This week, one of my former churches closed and another one voted to disaffiliate from the United Methodist Church. I am not sure that sets any kind of record, but it does lead me to reflect on 50 years of ministry.
Calvary United Methodist Church, Hawthorne, PA was part of a three-point charge–Hawthorne, Oak Ridge and Mt. Zion--where I spent my first two years out of seminary. Following the merger of the Evangelical United Brethren and the former Methodist church four years earlier, in all honesty, there were too many small UM churches in the Redbank Valley. In the tiny hamlet of Oak Ridge, the EUB and Methodist Churches had been pressed into a merger with the old EUB building padlocked and sitting there as a painful reminder. So I guess you could say I started my ministry in the shadow of a closed church. When I left we closed Mt. Zion which was running about a dozen in worship on a good Sunday, held together by two aging couples. Over the decades, church participation has declined along with the population in the area until finally, Hawthorne held its last worship service last week.
I served 10 years at the Dexter United Methodist, my longest appointment. The church was growing so we purchased land, made plans to relocate and since then it has grown to more than 1,000 members under the leadership of its current pastor. It has also become much more conservative and aligned with the Wesleyan Covenant Association. This week they voted overwhelmingly to leave the UMC and join the fledgling Global Methodist Church.
Add to that, one of the first churches I served in Michigan, Davis United Methodist, closed a few years ago, so I am hoping this is not a trend.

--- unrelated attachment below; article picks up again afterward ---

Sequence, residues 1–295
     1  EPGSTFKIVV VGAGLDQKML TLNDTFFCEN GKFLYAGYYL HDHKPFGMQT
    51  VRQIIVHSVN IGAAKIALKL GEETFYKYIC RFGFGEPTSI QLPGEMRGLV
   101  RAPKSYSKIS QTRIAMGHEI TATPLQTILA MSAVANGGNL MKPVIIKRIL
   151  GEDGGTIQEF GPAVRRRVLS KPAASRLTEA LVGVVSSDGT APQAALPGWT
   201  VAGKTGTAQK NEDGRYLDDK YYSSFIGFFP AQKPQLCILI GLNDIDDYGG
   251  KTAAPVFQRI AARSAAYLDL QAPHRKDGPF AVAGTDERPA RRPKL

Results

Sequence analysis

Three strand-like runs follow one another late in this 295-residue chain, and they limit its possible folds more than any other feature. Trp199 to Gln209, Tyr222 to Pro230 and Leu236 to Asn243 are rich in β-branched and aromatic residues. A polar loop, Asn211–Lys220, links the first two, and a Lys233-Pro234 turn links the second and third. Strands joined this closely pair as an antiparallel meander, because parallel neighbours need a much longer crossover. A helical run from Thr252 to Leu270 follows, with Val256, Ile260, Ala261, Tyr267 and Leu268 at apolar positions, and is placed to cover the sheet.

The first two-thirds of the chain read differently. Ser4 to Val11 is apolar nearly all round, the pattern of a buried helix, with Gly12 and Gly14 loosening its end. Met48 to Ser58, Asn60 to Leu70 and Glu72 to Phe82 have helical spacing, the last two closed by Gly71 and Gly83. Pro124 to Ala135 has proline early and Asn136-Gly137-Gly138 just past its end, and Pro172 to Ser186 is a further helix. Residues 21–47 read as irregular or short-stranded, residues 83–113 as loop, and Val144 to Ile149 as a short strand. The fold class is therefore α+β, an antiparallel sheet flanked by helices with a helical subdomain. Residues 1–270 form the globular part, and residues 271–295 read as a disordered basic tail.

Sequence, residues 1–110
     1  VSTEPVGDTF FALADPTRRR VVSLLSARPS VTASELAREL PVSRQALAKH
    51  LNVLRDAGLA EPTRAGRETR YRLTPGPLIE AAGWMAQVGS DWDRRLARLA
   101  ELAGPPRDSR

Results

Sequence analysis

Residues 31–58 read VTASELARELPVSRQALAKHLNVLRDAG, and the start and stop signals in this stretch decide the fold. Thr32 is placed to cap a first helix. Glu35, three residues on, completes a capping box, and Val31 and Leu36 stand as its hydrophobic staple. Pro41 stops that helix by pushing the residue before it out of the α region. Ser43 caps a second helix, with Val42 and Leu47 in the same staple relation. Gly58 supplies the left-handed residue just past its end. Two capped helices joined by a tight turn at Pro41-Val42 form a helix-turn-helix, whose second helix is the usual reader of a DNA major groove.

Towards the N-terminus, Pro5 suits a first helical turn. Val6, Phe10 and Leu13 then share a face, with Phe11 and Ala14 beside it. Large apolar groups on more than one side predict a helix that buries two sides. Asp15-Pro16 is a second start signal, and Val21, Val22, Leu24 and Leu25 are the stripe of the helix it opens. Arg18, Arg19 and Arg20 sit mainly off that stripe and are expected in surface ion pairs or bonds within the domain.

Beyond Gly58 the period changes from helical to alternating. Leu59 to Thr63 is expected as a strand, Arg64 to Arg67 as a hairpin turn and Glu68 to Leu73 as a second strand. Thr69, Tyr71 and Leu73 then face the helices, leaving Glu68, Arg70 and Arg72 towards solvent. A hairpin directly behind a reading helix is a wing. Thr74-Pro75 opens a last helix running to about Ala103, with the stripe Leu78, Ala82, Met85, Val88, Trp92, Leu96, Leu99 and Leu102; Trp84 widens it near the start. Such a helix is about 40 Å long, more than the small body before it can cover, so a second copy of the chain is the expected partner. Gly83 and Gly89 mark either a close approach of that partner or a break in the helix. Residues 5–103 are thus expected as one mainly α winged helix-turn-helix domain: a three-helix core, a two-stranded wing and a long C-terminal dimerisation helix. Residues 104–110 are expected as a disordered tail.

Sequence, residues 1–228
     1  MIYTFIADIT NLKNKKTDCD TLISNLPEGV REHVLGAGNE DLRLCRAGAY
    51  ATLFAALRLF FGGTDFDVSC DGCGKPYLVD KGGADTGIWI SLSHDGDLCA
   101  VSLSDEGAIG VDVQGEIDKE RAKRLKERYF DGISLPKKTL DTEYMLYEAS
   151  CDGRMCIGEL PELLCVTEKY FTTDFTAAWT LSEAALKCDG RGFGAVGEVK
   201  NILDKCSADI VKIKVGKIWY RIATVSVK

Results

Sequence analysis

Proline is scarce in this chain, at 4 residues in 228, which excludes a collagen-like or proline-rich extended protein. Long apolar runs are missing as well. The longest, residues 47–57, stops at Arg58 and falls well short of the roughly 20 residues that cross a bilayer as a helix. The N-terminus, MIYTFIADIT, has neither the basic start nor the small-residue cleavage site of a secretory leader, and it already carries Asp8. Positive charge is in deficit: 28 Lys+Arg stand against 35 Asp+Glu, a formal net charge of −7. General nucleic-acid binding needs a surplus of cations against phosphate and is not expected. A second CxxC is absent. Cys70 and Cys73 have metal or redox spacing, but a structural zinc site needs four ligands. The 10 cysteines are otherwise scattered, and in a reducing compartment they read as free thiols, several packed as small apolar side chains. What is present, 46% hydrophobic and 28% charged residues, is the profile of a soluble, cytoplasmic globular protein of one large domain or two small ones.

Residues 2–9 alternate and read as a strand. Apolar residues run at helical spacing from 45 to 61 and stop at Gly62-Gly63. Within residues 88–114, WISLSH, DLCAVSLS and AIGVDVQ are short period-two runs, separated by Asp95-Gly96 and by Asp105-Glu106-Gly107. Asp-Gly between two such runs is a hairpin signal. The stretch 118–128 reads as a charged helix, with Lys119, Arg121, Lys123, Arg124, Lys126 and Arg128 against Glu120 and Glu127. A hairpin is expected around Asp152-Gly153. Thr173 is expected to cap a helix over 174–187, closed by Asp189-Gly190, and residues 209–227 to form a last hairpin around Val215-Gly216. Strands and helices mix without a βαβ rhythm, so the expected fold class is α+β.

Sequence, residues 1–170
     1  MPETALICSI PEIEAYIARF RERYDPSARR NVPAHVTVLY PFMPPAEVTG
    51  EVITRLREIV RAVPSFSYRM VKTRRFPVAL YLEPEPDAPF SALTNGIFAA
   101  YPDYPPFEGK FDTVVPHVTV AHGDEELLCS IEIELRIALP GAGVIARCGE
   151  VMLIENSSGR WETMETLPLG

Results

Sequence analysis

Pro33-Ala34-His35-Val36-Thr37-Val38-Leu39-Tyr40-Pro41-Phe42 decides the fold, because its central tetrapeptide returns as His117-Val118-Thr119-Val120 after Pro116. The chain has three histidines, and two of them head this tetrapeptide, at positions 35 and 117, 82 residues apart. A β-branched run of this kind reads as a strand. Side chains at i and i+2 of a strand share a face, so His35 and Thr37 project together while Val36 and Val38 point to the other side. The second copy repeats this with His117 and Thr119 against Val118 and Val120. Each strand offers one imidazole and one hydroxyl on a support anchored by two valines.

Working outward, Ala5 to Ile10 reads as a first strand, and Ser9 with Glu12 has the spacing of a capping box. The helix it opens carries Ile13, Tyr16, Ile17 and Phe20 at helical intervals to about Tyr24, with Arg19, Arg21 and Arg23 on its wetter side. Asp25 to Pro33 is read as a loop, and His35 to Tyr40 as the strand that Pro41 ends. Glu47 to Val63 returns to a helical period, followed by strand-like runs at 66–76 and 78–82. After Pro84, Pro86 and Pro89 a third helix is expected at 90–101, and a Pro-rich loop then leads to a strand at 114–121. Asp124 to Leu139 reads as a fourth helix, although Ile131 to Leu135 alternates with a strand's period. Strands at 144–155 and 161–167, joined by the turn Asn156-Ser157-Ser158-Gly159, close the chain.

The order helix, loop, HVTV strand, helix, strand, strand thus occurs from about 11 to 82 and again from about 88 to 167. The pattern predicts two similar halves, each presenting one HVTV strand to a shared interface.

This week I received the news from Hawthorne and Dexter with sadness. I invested a dozen years of ministry in these two places and in both congregations there were good people who blessed my life. I regret the closing of Hawthorne, even though as I say, there are too many small UM churches in the Redbank Valley so perhaps it was inevitable.
The decision in Dexter gives me greater sadness. I suppose it was also inevitable, given the effectiveness of the pastor in bringing people together around his vision. I’m a firm believer that as a former pastor, when you leave you leave, but I left a part of myself there. I assume the congregation will go on, do good ministry and help build the Kingdom, but for me it feels like the loss of a significant part of my legacy. I wish them well, with regret, and pray God will bless them. Most of all, I pray for folks who no longer feel at home in a place which has been their church home for decades and generations as they seek a new place to live out their faith.
Hawthorne, Mt. Zion, Davis and Dexter represent 17 years of my ministry. Amid the feeling of loss, a word of reassurance comes from the Order for Confirmation in the old hymnal. Unfortunately, it doesn’t appear in the current hymnal. I wish it did:
“Dearly beloved, the church is of God and will be preserved till the end of time for the conduct of worship, the due administration of His sacraments, the maintenance of Christian fellowship and discipline, the edification of believers and the conversion of the world. All persons of every age and station stand in need of the means of grace which the church alone supplies.”
Looking back and looking forward, I truly do believe that even amid our divisions and dead ends, our fumbles and failures, the church IS of God and will be preserved till the end of time.
Thanks be to God.
NOTE: Next Sunday, Nov. 13, I will be the guest preacher at St. Philips Episcopal Church in Beulah. If you are in the area, come and join us.